The queues are long outside the new Buzz Lightyear's Laser Blast ride in Disneyland Paris. Only those with annual passes are allowed to try out the new attraction, a few weeks before it opens to the public. And yet the waiting time is already 60 minutes.
This is good news for Peter McGrath, whose job, in Disneyspeak, is that of "imagineer". He says: "Imagineering is not just a case of engineering; it's where art and engineering come together. It's both creative and technical."
McGrath is the director of creative development at Disneyland Resort Paris. Imagineers are the creative force behind the Disney parks; their job is to transform a space into a story-place - from the moment the visitor begins the ride, the walkway they enter on, the images and sounds around them. And if there's one word that crops up again and again, it's "story". The technology, I am told, must serve the story.
The term "imagineering" was coined in the 1960s as a way to bring a two-dimensional idea into a three-dimensional world. Disney has 1,400 imagineers, most based in the California head office, with backgrounds in 140 disciplines, including fine art, architecture and computers. "We like to think of ourselves as dreamers and doers," says McGrath, sitting in the Fantasia Café at The Disneyland Hotel.
When a park needs a new attraction (perhaps because queues are too long) and they have space available, the imagineers start with a brainstorming session. They then produce storyboards, followed by concept development and feasibility. Then comes the actual design, and finally production and installation. And it all takes time; the 43-metre-high Sleeping Beauty's Castle, for example, took all of four years from concept to installation.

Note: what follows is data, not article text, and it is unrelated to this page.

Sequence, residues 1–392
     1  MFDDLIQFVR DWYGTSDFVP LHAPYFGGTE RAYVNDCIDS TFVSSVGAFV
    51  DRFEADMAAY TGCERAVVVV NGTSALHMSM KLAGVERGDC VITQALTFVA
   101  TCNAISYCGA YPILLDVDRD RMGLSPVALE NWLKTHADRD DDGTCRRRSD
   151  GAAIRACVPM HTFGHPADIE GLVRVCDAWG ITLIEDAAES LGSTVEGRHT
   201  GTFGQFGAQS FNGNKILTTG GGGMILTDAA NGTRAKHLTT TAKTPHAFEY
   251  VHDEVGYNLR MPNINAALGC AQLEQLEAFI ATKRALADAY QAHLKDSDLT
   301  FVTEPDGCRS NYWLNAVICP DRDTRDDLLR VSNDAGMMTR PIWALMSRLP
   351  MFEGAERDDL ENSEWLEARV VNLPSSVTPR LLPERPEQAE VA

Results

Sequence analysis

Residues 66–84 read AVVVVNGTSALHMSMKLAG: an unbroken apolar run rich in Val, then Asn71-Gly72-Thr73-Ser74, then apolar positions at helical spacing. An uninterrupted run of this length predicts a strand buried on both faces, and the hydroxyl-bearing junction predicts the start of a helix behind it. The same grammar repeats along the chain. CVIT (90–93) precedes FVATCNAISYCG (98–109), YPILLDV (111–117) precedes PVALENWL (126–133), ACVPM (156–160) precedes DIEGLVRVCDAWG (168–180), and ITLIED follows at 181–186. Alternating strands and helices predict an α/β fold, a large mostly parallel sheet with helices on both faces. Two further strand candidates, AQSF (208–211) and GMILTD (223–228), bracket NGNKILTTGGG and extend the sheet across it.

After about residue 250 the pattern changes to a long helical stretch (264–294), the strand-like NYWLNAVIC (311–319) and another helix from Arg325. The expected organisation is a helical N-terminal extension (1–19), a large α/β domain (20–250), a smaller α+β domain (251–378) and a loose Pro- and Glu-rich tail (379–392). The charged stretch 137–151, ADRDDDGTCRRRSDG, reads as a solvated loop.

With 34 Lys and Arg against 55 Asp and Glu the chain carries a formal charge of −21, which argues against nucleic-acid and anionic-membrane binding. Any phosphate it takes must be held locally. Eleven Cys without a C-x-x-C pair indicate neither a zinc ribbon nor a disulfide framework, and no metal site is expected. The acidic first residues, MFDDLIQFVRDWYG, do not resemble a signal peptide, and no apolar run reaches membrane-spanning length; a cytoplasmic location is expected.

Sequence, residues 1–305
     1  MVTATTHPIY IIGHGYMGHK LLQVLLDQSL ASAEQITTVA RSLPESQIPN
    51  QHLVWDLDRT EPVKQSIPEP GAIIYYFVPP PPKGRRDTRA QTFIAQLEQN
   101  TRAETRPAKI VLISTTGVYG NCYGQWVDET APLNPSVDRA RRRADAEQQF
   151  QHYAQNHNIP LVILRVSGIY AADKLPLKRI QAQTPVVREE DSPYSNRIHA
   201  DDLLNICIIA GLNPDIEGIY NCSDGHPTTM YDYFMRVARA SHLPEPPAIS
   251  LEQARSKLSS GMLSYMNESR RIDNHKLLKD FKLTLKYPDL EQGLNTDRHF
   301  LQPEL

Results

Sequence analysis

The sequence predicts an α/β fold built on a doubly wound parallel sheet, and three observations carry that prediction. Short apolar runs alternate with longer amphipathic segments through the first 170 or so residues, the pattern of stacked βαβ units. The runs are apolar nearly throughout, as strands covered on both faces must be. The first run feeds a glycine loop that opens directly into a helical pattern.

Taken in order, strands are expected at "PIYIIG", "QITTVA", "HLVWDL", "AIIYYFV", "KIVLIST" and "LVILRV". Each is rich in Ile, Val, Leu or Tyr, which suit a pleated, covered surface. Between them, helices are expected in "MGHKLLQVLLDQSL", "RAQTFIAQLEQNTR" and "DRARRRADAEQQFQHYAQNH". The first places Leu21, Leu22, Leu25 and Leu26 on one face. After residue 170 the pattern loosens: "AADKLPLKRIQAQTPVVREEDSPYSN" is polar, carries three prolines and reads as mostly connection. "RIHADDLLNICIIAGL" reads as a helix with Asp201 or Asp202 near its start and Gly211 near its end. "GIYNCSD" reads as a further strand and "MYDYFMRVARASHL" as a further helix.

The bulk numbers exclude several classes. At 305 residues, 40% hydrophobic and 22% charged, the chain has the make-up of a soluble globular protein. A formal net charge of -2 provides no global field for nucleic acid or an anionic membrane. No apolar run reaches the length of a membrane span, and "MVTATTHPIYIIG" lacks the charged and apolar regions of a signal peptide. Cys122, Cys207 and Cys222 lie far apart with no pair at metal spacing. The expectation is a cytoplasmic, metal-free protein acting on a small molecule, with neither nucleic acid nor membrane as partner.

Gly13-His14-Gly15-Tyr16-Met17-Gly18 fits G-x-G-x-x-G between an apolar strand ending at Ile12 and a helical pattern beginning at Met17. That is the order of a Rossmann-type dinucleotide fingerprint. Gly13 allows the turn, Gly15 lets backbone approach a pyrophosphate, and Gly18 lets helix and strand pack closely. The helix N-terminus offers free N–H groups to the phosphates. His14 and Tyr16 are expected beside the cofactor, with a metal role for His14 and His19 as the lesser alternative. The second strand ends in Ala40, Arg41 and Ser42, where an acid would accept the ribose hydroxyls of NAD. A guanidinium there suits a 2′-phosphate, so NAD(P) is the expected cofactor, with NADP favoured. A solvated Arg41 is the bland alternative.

McGrath's background is in engineering, which he studied in Dublin, with the intention of joining his father in the plumbing business. He graduated in 1986, and worked in Bristol as a mechanical engineer before moving to France. There he got a job in the design phase of Disneyland Paris (then called Euro Disney), working as a project engineer for the It's a Small World ride. And what did he like about the job? The story-telling element, naturally.
He's now on assignment in France, where there are 100 imagineers on site in a property one-fifth the size of Paris. They are here because of Buzz and two other new rides being developed, Toon Studios and Tower of Terror.
So what if someone has a really good idea for a new ride? "Don't send it to us!" McGrath says. "We generate ideas internally."
If you want to become an imagineer, his advice is first to get into the company, even if that means taking a seasonal job to get a taste of what goes on.
You could also contact the International Association of Amusement Parks and Attractions, or visit one of their Expos. If you're in the US, it's a little easier; there, Disney recruits for imagineers at universities and schools, especially those producing architects and graphic designers.
Imagineers need to work in a team, be excellent communicators and be persistent to the extent that they don't give up on good ideas. Project work can get very tense. The job often has to be done at night when the park is closed, and cold weather can be a real test.
Buzz Lightyear's Laser Blast first opened in 1998 at Disney in Florida. It's the resort's most visited attraction - and this Saturday the Disneyland Paris version officially opens. Visitors climb aboard a small vehicle that can be rotated as it passes through 10 different scenes, firing at targets with a laser gun. A scoreboard at the front of the vehicle shows your points (apparently, a great incentive to come back and try again).
Although the Buzz ride already existed in the US, it's still taken three years to complete the Paris one. When I join the queue for an early try-out, I'm told there have been technical problems and it's closed. Next day I try again, and three times my vehicle comes to a sudden stop.
But that's what imagineers are all about - bringing a story to life and then making sure it runs smoothly before the public is let in. Oh, and my six-year-old daughter scored far better with the laser than I did...Reuse content